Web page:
It has been a dream of mine for quite a long time now to become a product tester. I realized that dream through a Web site that sent me an appliance to test. I kind of blew my first attempt at it, to be perfectly frank, as I sort of cheated my way through the review. But we won't get into those details. This is a new year and, as such, I get a second chance.
So in honour of second chances I give you my review of two neat products that my children found under the tree this year.
The first is the Dinnersaurs Utensils. These are by a company called Fred. Aside from being colourful and fun to eat with, they are meant to be ergonomic and easy to use. Though I cannot support or deny that they are ergonomic because my daughter has not yet grasped the pencil grip, the silicone dino-shaped handle is very comfy. So far, my daughter has enjoyed the utensils immensely and has even eaten broccoli AND sweet potato since getting them (whatever works, right?)
Over all these are cute and practical. When resting the utensils on their "feet" the fork tines and spoon head stay off the table and, as a result, the food that is on them says off the table. And they may, or may not, get your kids to eat their broccoli. Though not necessarily a must have item, I think they make a great gift for a boy or a girl and retail for $15.99 CDN at Grand River Toys.
The second item is the Nalgene (pronounced NAL-jean, not Nag-lean, as I was embarrassingly calling them) Grip 'n Gulp kids' bottles. The company states that "The new Nalgene Grip'n Gulp™ is tough enough to survive being thrown form a moving minivan, spill proof enough to compel parents to blame the rug stains on the dog, and odor proof enough to allow leftover milk to go undetected under the couch for months. Most importantly, its a great way for little kids to reach new heights."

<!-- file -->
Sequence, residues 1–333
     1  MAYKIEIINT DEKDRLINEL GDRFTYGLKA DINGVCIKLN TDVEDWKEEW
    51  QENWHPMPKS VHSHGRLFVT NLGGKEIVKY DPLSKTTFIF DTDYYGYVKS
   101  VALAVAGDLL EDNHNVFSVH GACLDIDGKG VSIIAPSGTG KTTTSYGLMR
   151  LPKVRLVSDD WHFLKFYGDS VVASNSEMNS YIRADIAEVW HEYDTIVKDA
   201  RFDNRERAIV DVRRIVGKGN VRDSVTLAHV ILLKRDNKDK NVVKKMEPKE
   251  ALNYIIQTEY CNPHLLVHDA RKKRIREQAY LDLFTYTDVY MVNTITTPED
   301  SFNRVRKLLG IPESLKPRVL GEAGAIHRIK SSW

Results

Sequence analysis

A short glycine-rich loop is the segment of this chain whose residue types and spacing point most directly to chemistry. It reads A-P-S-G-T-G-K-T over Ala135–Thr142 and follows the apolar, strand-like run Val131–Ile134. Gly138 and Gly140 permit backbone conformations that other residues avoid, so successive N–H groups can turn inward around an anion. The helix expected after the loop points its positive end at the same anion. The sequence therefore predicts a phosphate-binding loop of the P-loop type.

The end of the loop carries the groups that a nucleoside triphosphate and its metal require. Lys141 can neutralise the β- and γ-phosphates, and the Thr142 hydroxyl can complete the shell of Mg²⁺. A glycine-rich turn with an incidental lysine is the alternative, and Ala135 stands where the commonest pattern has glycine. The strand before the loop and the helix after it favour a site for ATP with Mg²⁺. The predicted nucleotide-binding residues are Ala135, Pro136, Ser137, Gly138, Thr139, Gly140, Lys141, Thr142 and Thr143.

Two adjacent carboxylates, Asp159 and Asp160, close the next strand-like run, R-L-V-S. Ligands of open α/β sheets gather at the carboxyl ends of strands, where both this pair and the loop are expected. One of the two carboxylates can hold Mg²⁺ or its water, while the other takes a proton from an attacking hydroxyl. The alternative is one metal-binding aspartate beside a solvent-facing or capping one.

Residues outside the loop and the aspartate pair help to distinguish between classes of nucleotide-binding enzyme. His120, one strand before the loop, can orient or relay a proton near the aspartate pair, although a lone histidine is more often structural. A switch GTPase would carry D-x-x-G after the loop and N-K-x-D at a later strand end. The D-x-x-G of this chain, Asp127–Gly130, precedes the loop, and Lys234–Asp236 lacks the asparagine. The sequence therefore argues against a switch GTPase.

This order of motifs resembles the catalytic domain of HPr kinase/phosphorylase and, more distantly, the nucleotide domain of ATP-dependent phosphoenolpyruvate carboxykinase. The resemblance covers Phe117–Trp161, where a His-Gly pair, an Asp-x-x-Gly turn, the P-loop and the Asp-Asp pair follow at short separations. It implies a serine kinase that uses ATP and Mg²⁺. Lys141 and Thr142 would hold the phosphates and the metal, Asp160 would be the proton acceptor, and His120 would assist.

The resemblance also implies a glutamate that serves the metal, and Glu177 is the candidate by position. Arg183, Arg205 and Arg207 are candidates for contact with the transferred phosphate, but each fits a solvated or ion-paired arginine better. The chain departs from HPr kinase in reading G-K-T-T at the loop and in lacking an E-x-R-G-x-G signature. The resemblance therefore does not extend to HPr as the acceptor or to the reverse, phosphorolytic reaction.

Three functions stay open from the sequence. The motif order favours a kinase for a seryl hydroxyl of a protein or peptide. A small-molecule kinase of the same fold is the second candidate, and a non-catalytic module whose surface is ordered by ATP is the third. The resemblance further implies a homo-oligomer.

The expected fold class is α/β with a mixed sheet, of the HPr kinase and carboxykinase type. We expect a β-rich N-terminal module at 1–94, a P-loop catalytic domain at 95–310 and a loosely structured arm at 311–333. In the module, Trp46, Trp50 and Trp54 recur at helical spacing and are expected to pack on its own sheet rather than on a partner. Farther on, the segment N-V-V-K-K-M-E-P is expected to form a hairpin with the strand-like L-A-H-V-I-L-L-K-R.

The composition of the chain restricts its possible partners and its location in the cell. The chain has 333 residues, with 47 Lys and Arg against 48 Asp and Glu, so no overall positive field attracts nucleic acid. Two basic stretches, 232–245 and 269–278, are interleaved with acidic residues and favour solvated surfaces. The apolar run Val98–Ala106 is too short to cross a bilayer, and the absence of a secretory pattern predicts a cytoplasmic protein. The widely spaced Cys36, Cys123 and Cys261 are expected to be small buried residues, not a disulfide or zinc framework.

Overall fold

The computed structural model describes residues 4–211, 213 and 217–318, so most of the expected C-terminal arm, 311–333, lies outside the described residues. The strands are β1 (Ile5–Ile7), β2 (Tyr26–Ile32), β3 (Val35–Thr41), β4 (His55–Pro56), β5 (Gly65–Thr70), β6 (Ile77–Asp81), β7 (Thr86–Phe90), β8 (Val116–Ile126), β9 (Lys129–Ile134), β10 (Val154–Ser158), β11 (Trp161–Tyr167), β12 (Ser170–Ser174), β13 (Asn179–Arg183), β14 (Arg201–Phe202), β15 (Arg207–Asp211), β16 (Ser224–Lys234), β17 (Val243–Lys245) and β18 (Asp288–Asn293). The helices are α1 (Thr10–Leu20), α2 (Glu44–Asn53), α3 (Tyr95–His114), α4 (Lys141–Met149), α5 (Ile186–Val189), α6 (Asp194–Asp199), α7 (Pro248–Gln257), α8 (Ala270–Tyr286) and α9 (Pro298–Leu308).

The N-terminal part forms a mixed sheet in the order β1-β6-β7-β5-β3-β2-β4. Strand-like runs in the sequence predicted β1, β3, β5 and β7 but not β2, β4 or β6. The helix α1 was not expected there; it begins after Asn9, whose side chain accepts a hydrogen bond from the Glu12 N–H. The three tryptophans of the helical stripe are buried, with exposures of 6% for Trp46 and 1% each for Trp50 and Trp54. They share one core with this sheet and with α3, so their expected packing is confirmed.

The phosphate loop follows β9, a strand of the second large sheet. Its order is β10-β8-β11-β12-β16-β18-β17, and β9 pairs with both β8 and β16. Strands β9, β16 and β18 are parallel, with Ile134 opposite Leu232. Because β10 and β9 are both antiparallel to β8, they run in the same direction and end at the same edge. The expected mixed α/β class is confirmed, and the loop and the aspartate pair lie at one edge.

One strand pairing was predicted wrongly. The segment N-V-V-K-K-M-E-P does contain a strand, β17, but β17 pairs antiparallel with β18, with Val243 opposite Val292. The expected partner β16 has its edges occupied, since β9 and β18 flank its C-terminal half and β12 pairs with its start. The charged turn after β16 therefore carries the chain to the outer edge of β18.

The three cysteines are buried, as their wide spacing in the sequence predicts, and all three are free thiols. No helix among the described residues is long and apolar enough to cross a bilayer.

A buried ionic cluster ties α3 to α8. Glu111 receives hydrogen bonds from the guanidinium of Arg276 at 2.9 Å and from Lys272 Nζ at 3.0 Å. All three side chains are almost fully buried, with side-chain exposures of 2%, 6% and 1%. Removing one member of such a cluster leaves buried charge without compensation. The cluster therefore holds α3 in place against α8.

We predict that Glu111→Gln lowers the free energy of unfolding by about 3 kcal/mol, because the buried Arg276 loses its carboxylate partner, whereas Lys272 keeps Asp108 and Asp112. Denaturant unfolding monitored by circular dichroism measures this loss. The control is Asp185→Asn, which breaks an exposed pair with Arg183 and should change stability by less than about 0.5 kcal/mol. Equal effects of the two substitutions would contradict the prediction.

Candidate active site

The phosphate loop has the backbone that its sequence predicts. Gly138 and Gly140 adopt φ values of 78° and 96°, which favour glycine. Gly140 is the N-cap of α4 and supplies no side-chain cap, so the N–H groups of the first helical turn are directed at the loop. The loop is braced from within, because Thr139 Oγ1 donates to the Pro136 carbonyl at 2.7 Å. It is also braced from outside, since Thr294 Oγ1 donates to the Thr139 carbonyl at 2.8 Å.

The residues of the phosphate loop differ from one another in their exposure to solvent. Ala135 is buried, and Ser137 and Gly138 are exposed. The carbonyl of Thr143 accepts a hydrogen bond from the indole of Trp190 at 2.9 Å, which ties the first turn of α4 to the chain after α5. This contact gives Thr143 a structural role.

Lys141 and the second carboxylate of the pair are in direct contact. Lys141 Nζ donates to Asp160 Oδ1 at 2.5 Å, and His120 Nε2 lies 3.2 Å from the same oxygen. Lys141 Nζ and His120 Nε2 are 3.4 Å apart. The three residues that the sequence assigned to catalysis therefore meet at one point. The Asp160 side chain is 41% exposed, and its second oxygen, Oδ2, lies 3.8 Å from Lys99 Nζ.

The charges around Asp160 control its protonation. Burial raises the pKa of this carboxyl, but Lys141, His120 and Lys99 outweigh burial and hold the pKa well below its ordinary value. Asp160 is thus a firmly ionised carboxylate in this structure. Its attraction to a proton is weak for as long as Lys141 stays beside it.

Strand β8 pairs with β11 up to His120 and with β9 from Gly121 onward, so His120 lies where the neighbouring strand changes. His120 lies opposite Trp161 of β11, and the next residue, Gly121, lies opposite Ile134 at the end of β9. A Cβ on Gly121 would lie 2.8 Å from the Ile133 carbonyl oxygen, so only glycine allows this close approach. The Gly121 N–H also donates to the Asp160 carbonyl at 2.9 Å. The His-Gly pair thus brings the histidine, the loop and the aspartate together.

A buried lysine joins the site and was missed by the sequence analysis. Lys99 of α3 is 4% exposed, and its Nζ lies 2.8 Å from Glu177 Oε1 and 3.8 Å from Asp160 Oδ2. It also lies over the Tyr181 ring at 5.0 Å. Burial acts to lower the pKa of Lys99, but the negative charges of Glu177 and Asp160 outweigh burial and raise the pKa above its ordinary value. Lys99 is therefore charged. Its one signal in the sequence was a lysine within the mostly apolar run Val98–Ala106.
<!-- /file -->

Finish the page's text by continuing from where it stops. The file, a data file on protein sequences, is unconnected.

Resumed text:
All those claims aside these were an instant hit with both my girls (ages two, and 8 months). My oldest loves drinking from it, and because it is nice and tall she can reach it when it is placed in her car booster cup holder which, uselessly, provides a beverage holder that she cannot ordinarily reach cups from because someone put an immobile armrest in the way—but that is a review for another day. My youngest liked to chase after the bottle as it scooted along the floor—a toy and a water bottle in one really.
The colours are very attractive, it is comfy to hold and it seems very easy for my daughter to tote around with her either in hand or tucked into her arm. I have found that it is hard to damage even the cheapest tumblers too badly before they are lost. Despite being handled very roughly by both girls, it has suffered only minor bruising. That being said, all of the tumblers I have purchased have shown most wear at the mouth piece where teeth scrape at the spout. This product is no exception. I am a little concerned the lid's rubber-like coating might start to peel off, but we'll see—that is certainly not going to harm the effectiveness of the container—it has a very secure lid that screws on easily and it is a snap to remove and wash the valve (replacement valves are available). Before you rush to buy one, consider what beverage your child consumes—they are not suitable for pulpy drinks like orange juice and are not leak proof—like most other containers the spout will drip when inverted. At $6-$7.99 CDN it is a great value for a durable kid targeted product. Retail info available at Nalgene USA.
I love to find fun and innovative products, so if you are interested, check back for more reviews or to just plain catch up on what I am doing lately.